Twelve granite blocks were placed at equidistant points along the circumference of a circular concrete pad 40 feet in diameter. In eleven of the spaces (each roughly seven feet wide) between the blocks the competitors would build a free-standing, curving dry stone wall. The twelfth space was to be the entry into the enclosure, a fire circle.

The stone available to the wallers was about 40 tons of schist from a local quarry and six pallets of Corinthian Granite donated by Champlain Stone Company of Warrensburg, NY.

The prize money, donated by the Trow and Holden and the Granite City tool companies (both based in Barre) was $500 for first place, $300 second place and $200, third place.

The walls were judged on structural and aesthetic quality (speed was not a factor, in fact, only five of the wallers actually finished their sections.) The judges were Dan Snow of Vermont, Neil Rippingale, Scotland and Tomas Lipps, New Mexico. Dan and Neil are both master-level craftsmen/instructors of the Dry Stone Walling Association of the UK and Neil manages the training program for the Dry Stone Conservancy of Kentucky; Tomas is the Founder/Director of the Stone Foundation.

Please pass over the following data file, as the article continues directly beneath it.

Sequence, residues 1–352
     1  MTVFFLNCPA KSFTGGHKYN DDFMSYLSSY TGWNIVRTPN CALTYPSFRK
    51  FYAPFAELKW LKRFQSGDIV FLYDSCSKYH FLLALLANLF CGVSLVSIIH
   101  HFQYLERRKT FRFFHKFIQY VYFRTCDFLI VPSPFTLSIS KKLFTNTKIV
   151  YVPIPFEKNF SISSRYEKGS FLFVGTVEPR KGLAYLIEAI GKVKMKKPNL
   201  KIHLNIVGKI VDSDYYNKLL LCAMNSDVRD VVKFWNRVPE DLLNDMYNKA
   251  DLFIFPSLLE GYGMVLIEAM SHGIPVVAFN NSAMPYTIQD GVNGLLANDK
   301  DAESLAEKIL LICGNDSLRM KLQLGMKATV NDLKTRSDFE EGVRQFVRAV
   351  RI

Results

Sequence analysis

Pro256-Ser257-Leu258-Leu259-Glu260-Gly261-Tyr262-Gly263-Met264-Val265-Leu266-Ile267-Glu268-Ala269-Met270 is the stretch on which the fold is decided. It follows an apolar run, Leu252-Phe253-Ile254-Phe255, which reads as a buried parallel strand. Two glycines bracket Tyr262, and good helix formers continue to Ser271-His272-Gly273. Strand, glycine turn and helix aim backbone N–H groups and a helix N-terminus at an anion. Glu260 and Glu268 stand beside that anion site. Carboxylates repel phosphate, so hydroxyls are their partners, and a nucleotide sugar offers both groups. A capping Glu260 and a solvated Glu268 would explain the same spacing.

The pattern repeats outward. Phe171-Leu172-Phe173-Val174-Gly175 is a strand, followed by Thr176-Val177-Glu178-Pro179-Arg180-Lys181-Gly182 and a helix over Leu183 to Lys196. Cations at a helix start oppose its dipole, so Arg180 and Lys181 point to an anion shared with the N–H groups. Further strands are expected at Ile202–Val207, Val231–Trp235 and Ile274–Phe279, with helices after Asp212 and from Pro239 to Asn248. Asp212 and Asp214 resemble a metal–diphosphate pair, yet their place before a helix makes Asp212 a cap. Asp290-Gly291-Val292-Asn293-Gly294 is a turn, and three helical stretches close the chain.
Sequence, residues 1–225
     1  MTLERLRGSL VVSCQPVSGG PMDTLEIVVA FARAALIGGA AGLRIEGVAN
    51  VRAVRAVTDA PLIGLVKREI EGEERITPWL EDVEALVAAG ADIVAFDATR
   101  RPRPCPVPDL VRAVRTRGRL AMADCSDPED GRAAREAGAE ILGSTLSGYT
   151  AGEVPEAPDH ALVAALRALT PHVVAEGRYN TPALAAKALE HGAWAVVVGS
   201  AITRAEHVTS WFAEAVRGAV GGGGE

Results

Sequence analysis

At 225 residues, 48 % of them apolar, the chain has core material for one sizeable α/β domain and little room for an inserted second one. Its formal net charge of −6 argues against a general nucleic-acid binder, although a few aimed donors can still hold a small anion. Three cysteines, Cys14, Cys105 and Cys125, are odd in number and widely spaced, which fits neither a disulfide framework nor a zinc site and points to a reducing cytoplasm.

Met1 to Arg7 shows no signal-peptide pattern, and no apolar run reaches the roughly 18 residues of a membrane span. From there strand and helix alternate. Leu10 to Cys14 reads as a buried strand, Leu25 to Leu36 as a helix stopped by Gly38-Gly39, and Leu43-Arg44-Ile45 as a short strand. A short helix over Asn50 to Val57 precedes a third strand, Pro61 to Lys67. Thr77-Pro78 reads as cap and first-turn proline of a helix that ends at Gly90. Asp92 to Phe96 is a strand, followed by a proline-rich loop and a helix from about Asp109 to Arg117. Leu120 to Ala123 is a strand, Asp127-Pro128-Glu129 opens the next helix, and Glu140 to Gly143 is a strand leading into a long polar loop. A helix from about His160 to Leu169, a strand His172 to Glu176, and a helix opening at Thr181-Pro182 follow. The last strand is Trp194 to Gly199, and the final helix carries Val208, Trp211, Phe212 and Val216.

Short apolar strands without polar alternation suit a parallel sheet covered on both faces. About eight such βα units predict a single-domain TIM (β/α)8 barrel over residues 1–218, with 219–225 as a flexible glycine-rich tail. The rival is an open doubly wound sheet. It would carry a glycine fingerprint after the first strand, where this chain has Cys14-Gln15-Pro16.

Work began about 10:00 AM and finished about 5:00 PM, it was viewed by more than a thousand spectators who had turned out for Barre's Granite Festival. The first prize winner was a Canadian, Dean McClellan, second prize went to Justin Money of Connecticut and third to Kevin French from New Hampshire.

The wallers: Click for larger image